8 Tips for Particular Eaters While Traveling

Tips & Tricks

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If you have food aversions, allergies, intolerances, or dietary restrictions, traveling can sometimes be difficult. Trying new foods in other countries might make you feel nervous or turn into a dangerous situation if you’re highly allergic. Here are a few tips so that particular eaters can still have a delicious vacation.

Do Your Research

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Planning ahead is the name of the game when you're traveling somewhere with a different cuisine. Research the general cuisine of the country or area you’ll be traveling to and take note of any regional ingredients or flavors that worry you. If you can, make restaurant reservations ahead of time, or scour food options near your accommodation that offer dishes you're comfortable with. Planning ahead can help reduce any anxiety you might feel about the foods that are available. If you have time, you can even try making a few of the regional dishes at home before you leave to get a feel for how they might taste.


Person holding a hotdog while putting on mustard
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Feeling nervous about trying new foods? Make a compromise with yourself! At each meal, eat one thing that’s safe and familiar (perhaps a hamburger or hot dog) and one thing that counts as adventurous. By using this tactic, you can try new foods, but still enjoy something familiar. Who knows? You might like the new foods so much that by the end of your trip, you'll start ordering only local dishes.

Start Slow

Two arepas with limes
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You don’t have to order exotic entrées right away. Instead, start slow. If you’re not a big fan of soup but you love bread, try ordering Colombian arepas or bunelos to begin with. After a day or two of traveling, you’ll feel ready to try more adventurous dishes like sancocho or ajiaco. It’s completely okay to give yourself time to adjust to the food in a new country. If you know your stomach reacts to strange food, just take it one meal at a time, giving yourself the chance to acclimate.

Choose a Buffet or Market

Luxury buffet
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Restaurants that serve food buffet-style are wins for everyone. A buffet offers plenty of choices for everybody in your group. Whether you tend to be picky or have food intolerances, you’ll be able to find something at a buffet and you can try small amounts of new foods too. Street markets can also be a great place to find multiple options.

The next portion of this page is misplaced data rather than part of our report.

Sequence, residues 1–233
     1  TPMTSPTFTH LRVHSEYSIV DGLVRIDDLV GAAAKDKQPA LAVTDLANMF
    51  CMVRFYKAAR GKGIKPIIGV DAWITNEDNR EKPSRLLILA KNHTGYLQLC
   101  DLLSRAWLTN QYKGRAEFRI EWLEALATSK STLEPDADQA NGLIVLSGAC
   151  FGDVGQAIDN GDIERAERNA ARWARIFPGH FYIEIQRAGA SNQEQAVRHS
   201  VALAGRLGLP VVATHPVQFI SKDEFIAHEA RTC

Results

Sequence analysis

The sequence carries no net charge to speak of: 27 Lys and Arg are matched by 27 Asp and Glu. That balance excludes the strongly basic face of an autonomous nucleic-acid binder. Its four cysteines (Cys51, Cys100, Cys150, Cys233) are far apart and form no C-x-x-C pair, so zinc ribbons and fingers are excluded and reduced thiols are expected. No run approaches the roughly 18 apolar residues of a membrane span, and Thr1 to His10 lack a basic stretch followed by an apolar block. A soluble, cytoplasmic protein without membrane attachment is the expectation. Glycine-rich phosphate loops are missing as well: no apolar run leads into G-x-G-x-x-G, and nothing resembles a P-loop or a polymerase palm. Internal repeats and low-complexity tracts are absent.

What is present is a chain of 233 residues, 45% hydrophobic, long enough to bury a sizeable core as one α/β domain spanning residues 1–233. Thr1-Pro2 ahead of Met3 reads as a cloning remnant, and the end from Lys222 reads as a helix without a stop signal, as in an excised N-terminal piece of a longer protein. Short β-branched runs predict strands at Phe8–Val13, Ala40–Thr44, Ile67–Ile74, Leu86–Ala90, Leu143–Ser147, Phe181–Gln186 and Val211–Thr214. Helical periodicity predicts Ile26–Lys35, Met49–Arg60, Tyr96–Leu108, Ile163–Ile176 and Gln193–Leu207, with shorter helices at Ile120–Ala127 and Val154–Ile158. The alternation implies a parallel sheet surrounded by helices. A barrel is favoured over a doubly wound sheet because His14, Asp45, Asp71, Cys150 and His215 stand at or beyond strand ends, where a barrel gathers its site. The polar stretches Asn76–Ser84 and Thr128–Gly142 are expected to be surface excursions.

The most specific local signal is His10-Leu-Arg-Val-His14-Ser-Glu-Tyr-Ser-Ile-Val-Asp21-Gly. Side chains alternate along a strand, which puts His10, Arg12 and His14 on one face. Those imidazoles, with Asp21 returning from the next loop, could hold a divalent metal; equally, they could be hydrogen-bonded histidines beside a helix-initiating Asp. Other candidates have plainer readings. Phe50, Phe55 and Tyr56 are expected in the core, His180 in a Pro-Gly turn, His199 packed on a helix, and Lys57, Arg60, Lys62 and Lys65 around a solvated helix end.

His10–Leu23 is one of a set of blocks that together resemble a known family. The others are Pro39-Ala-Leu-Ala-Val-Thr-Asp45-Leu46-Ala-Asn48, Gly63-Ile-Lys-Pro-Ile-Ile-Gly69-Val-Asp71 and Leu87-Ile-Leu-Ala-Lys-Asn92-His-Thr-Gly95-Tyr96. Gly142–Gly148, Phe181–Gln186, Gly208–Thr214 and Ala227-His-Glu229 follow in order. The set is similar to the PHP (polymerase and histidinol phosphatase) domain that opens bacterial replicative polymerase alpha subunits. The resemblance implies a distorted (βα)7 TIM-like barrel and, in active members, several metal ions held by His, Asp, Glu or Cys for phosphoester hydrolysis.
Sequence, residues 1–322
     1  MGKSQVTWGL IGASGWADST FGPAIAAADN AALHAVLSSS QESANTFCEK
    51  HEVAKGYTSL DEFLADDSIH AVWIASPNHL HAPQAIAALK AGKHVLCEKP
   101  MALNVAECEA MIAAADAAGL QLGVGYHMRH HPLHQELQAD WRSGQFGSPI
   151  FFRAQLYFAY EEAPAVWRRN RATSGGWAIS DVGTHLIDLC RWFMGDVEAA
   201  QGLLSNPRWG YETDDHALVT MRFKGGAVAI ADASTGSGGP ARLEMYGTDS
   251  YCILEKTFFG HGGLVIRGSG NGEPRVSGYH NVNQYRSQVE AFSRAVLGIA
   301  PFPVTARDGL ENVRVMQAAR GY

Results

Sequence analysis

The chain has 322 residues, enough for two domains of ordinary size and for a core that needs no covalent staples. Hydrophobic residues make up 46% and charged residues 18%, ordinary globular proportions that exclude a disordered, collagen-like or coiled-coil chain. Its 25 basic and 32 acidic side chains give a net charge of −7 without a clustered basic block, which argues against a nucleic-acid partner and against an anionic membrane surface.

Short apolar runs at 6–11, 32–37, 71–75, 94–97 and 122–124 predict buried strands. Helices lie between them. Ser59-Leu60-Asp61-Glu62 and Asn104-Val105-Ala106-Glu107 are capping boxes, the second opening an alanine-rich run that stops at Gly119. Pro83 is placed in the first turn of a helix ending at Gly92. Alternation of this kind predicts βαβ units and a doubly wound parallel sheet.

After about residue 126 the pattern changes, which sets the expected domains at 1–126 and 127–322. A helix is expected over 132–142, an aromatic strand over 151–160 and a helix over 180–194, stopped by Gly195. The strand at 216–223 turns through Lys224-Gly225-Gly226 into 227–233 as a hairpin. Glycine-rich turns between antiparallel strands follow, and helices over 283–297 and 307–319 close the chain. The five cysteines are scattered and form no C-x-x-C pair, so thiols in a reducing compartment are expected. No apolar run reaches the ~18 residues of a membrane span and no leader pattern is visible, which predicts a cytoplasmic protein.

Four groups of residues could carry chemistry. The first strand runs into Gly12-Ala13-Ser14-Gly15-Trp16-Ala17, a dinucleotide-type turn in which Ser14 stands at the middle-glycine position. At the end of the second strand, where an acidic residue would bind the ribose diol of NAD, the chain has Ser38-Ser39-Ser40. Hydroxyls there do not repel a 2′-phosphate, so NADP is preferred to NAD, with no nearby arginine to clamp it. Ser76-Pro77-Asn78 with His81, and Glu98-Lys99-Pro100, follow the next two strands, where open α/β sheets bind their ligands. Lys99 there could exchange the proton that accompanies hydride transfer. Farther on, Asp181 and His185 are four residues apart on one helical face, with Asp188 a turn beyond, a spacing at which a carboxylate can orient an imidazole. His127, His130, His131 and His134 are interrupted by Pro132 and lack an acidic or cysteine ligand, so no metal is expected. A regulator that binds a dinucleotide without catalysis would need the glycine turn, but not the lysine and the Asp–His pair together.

Share Meals With Others

People sharing plates of food
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If you’re open to trying new foods, but feel concerned you’ll end up not liking the food and wasting it, split a meal with your traveling companion. If you’re eating with a big group of family and friends, see if each person would be willing to give you one bite of what they ordered. That way, you can try several local dishes at once and know what you like, so you can be prepared when ordering at restaurants.

Pack Snacks

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This might not be possible on every trip, but if you’re able to, pack snacks to take with you. Road trips make it easy to fill a cooler and bring along all your favorites. Traveling on a plane is a little more difficult, but you can still pack healthy, filling snacks to have on hand. If all else fails, stick a box of protein bars in your checked bag. You can also go to a grocery store once you reach your destination and pick up some food to stash in the hotel room. Knowing that you have snacks in your suitcase can give you peace of mind — even if you struggle to find food to eat, you’re not going to starve!

Use Photos

Person holding a carton of milk
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If you have a food allergy or intolerance, eating out can often be more trouble than it’s worth. Throw a language barrier into the mix and things get even harder. Google Translate and translation guides can be helpful, but sometimes things still get complicated. Try carrying photos in your wallet to show waiters instead. You can print out your own pictures of the foods you can’t have, or purchase cards on Amazon with a paragraph explaining your allergy in the local language. Make sure these photos spell out every one of the foods that your allergy or intolerance affects. If you can’t have dairy, for example, waiters will need to understand that you are unable to eat milk, butter, cheese, and any foods or dishes that have those dairy products in them.

Be Adventurous

Raw fish on plate with sauce
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If you don’t have any dietary restrictions, but still feel worried about trying new foods, that’s okay! Going outside of your comfort zone can be scary. In many cases, however, it’s entirely worth it. Be adventurous and try to enjoy the excitement of sampling new foods. After all, who knows? You might just discover your new favorite dish.

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